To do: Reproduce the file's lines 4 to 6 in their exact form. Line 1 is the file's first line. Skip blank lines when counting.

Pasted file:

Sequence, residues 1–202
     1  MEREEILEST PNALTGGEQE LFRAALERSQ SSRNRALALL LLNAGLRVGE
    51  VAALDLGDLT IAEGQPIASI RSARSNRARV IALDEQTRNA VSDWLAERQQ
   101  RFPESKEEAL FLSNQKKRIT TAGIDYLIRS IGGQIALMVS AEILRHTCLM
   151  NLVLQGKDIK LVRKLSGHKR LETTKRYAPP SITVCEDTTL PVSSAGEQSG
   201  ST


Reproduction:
   101  RFPESKEEAL FLSNQKKRIT TAGIDYLIRS IGGQIALMVS AEILRHTCLM
   151  NLVLQGKDIK LVRKLSGHKR LETTKRYAPP SITVCEDTTL PVSSAGEQSG
   201  ST